Establishing anti-democratic credentials
Is it then a mere coincidence that movements demanding the abolition of reservations have sprung up alongside this slow growth in the diversity of student population in higher education institutions? Or is it by design that these movements seek to reverse this trend?
It is not just the anti-reservation demands in themselves that establish the anti-democratic credentials of such movements. Rather, it is the constant denial of these movements to appreciate the reasons behind affirmative action policies, coupled with a belief that caste and merit are often in opposition to each other, that reflects the upper caste bias of these movements. Contrary to what has till now been argued, it is not that the reasons for affirmative action policies are not understood by these movements, but that they are understood and yet denied any importance.
It is the constant denial of these movements to appreciate the reasons behind affirmative action policies, coupled with a belief that caste and merit are often in opposition to each other, that reflects the upper caste bias of these movements.
The movements like ‘Youth for Equality’ have gone to the extent of making official distinctions between what they call as reserved category students and merit-based students, the latter being a clear reference to general category (upper caste) students who qualify on the basis of their marks. While it is not their explicit argument that only upper caste students are merit-based students, there is a presumption that if reservations were to be removed, majority of the SC/ST and OBC students who now get admissions, would fail to obtain admissions and only those with merit, if any, would remain.
Thus, it is inherently believed that largely, it is the upper caste students that are deserving of attaining education. This is the same notion on which caste has historically prevailed. Also, as some SC/ST and OBC students might still be able to qualify on the basis of merit alone, the considerations of historical violence do not matter at all.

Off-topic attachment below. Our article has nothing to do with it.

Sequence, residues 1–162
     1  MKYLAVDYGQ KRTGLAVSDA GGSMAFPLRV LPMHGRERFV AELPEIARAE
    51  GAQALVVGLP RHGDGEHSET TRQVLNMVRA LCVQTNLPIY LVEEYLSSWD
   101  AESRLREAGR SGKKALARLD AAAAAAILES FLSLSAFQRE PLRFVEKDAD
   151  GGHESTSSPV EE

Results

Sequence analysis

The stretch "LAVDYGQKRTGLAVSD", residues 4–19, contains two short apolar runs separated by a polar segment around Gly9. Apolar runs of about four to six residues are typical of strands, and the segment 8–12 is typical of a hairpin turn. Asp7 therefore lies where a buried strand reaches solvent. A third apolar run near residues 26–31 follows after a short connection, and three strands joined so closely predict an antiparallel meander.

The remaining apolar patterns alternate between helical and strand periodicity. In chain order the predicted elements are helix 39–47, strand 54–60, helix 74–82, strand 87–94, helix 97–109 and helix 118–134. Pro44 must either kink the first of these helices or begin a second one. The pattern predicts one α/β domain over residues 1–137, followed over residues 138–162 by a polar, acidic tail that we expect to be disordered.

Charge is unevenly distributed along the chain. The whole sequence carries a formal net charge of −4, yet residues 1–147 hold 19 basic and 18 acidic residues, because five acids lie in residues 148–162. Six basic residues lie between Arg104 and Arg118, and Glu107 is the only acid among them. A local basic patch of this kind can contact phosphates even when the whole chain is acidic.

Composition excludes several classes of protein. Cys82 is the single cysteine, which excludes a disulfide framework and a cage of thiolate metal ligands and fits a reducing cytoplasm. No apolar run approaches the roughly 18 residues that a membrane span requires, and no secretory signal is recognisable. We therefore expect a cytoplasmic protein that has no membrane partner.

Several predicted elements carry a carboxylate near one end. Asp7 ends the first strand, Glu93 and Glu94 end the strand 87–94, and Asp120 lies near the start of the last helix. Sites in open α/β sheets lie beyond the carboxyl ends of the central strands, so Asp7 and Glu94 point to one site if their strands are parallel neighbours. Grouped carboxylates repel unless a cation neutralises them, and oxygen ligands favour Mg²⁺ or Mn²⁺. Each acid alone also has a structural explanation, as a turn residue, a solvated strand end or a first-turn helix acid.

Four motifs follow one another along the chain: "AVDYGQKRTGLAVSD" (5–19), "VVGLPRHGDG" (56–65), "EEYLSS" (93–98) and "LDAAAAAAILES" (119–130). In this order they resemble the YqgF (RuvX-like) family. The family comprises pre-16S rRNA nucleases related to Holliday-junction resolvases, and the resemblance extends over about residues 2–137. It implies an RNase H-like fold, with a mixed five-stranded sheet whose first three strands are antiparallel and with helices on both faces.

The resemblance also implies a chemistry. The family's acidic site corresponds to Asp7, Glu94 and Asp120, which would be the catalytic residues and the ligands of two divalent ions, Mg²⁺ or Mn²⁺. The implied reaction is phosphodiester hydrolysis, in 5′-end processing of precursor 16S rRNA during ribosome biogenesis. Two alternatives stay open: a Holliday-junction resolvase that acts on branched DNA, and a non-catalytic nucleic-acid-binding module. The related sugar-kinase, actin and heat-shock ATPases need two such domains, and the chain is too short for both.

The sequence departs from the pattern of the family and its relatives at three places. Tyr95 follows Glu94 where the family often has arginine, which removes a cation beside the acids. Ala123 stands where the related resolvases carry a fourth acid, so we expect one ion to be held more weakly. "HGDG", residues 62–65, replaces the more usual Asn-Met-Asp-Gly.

Further, the manner in which Dalit students have been insulted and ridiculed in higher educational institutes across the country reflects the inherent bias that persists against students entering these institutes through affirmative action. The denial on the part of authorities to implement measures to prevent this violence from further reaffirms their caste bias.
The manner in which Dalit students have been insulted and ridiculed in higher educational institutes across the country reflects the inherent bias that persists against students entering these institutes through affirmative action. The denial on the part of authorities to implement measures to prevent this violence further reaffirms their caste bias.
Payal Tadvi was being constantly humiliated by her peers for her caste background and discriminated against for the same reason. Much before her, presenting the findings of bias on the campus of AIIMS, Professor Thorat’s committee report had highlighted that students had felt discriminated on the basis of their caste background and had been ostracized by teachers and professor for the same. However, far from acknowledging the findings of the report and implementing the given suggestions, the institution was quick to dismiss the report. The recommendations are yet to be implemented.
Lastly, if an anti-reservation campaign were to truly commit to principles of equality and merit, it would do everything to ensure a bias-free campus. Rather, what has been witnessed is active discouragement of SC/ST and OBC students on the part of upper caste students and faculties from entering those campuses, by way of abusing them, and the absence of active efforts by the administration in ensuring a bias-free campus. This lack of effort to ensure inclusivity despite overwhelming evidence for the same only reflects the approval of authorities towards discriminatory behaviour and practices.
In essence, higher education institutions, supported by these anti-reservation movements are slowly ensuring that they get back their dominance over education and consequent employment by making lives of SC, ST and OBC students unbearable. What we witness today is an ongoing effort to re-occupy the sphere of education and employment and prevent any possibilities of its democratization. While, all of this is sought to be done in the name of equality and merit, leaving aside the many contestations the latter invites, any attempt to understand these demands must uncover this farce.
[Note: Image courtesy to Zainul Abedin’s Painting, 1971]